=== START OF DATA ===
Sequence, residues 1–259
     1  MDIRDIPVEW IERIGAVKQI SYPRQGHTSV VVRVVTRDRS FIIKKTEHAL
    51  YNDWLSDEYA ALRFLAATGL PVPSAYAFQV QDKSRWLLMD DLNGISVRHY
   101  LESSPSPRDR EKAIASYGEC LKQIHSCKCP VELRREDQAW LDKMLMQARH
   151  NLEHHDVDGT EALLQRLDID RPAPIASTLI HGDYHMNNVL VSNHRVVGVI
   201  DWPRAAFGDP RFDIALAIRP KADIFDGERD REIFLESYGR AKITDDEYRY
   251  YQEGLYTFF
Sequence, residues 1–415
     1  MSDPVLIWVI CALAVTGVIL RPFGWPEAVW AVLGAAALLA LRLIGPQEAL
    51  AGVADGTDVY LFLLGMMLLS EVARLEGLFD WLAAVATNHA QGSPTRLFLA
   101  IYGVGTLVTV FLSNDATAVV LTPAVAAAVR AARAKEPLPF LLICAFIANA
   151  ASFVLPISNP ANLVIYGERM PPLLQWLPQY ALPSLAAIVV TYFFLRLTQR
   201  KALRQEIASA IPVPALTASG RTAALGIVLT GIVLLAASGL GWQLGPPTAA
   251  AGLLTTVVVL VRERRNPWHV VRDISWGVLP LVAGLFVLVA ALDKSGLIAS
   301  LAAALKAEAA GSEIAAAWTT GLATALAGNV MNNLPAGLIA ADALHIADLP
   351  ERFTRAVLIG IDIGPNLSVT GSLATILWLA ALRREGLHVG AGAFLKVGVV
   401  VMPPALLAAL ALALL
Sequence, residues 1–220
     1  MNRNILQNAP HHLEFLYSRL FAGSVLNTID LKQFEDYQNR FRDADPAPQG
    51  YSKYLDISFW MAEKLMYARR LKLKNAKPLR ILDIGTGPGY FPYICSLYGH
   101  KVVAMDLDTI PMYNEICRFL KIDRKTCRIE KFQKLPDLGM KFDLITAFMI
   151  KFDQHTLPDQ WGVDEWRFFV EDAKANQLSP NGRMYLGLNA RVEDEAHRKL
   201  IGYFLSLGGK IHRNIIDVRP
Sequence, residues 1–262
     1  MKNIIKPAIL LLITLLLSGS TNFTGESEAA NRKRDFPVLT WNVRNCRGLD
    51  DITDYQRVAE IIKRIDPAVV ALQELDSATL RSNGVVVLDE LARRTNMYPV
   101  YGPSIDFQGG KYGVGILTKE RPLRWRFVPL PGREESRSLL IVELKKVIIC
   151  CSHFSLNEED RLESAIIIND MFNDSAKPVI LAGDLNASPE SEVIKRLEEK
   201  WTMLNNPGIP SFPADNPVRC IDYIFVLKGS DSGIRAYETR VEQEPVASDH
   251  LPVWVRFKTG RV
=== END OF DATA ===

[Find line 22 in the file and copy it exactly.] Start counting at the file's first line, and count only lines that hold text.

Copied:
   151  KFDQHTLPDQ WGVDEWRFFV EDAKANQLSP NGRMYLGLNA RVEDEAHRKL